135. Environmental Ethics: Volume > 12 > Issue: 2
136. Environmental Ethics: Volume > 12 > Issue: 3
David M. Johns The Relevance of Deep Ecology to the Third World: Some Preliminary Comments
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Although Ramachandra Guha has demonstrated the importance of cross-cultural dialogue on environmental issues and has much to tell us about the problems of wildemess preservation in the Third World, I argue that Guha is partly wrong in claiming that deep ecology equates environmental protection with wilderness protection and simply wrong in calling wilderness protection untenable or incorrect as aglobal strategy for environmental protection. Moreover, I argue that the deep ecology distinction between anthropocentrism and biocentrism is useful in dealing with the two major problems which Guha identifies as undermining the health of the planetoverconsumption and militarism. Although it is true that preservation of wildemess will not be successful unless human social dynamics are taken into consideration, nevertheless, a biocentrism which integrates critical social theory can provide the basis for an ethic that undercuts the environmental degradation from overconsumption and militarism more effectively than a human-centered system.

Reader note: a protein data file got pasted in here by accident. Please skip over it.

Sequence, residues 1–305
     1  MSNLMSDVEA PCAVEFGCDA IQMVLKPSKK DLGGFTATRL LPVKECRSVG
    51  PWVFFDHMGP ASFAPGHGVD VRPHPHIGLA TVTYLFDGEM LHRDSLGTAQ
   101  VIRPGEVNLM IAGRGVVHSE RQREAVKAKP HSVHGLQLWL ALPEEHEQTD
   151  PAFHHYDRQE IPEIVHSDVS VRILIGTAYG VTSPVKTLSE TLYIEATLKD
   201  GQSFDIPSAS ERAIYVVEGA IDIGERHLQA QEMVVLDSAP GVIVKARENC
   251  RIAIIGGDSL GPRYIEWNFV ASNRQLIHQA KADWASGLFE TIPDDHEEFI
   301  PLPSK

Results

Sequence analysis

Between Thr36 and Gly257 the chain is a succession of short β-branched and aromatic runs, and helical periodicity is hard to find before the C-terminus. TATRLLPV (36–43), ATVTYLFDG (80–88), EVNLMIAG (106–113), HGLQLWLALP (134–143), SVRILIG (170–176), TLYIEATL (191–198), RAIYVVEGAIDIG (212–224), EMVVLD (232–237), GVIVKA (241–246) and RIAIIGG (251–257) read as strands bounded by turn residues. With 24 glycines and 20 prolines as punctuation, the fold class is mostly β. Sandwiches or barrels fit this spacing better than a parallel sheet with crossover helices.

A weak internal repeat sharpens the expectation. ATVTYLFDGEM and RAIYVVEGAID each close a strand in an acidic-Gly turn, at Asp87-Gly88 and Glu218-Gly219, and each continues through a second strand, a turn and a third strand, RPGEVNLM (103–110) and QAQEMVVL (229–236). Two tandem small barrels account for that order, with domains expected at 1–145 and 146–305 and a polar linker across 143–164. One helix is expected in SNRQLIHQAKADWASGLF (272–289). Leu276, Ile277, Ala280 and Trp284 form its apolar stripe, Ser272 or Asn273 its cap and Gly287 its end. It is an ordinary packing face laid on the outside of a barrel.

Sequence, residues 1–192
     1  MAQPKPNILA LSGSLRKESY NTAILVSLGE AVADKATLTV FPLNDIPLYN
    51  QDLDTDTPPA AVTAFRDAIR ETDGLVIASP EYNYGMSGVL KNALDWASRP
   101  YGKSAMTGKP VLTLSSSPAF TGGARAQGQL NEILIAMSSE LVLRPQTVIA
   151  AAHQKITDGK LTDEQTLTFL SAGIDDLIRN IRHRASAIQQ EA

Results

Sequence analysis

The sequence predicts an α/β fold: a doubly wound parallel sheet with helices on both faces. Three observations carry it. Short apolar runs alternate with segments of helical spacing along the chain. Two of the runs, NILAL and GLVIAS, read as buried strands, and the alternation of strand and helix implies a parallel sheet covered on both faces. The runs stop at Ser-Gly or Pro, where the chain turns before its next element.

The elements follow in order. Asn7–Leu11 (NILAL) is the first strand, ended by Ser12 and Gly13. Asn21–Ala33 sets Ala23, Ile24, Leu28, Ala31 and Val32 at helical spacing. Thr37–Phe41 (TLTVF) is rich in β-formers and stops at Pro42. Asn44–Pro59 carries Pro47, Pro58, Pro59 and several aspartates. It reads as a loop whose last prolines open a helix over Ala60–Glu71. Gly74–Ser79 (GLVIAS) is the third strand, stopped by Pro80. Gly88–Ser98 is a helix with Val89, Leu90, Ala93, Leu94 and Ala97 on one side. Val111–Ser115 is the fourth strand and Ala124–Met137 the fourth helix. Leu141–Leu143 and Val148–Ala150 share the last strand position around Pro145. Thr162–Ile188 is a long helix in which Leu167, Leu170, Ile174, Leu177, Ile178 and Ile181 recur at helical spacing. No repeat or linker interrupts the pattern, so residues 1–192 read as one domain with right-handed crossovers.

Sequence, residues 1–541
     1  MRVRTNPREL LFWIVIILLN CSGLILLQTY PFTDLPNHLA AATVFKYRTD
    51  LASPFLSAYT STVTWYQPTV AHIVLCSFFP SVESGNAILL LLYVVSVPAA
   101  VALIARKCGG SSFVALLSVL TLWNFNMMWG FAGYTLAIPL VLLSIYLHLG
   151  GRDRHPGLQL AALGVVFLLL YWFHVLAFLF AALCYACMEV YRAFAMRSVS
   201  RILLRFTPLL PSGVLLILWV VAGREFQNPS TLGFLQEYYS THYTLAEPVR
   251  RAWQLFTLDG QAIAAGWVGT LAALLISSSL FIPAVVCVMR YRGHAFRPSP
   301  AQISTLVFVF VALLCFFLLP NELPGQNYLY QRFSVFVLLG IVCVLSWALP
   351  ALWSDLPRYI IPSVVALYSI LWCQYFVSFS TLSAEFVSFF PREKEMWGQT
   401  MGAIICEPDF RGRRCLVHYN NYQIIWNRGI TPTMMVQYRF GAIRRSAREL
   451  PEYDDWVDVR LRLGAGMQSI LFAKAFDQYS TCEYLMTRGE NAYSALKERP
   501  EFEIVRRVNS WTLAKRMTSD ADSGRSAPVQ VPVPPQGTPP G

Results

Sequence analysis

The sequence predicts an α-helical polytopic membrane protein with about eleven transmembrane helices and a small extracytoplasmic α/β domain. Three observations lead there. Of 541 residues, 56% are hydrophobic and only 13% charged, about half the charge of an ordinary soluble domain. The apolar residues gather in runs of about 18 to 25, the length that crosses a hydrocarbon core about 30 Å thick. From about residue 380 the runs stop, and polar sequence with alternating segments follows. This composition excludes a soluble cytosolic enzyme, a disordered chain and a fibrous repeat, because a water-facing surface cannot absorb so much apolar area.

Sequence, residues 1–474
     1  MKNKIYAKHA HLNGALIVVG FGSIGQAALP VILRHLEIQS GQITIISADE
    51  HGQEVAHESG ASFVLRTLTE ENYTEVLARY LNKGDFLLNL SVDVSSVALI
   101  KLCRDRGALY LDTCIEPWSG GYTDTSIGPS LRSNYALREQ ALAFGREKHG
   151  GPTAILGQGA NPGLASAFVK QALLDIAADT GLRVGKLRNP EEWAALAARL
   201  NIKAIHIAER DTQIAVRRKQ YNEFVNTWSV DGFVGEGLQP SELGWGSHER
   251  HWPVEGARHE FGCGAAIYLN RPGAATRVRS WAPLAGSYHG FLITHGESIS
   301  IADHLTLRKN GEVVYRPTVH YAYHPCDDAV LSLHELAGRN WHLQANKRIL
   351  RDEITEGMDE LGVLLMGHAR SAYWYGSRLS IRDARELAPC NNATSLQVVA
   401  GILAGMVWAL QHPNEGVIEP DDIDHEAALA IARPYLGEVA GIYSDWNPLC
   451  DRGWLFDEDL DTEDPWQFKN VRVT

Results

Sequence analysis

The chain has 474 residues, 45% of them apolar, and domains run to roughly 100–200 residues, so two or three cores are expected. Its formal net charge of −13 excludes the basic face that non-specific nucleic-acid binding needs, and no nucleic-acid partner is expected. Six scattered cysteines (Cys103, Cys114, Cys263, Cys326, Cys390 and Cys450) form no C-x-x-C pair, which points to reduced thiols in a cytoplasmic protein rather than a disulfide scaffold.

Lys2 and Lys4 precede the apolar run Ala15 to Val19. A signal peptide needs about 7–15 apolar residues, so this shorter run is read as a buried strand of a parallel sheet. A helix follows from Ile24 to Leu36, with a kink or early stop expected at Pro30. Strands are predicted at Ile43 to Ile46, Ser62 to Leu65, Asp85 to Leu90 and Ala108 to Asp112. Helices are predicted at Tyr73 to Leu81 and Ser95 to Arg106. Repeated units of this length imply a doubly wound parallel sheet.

137. Environmental Ethics: Volume > 12 > Issue: 3
John S. Dryzek Green Reason: Communicative Ethics for the Biosphere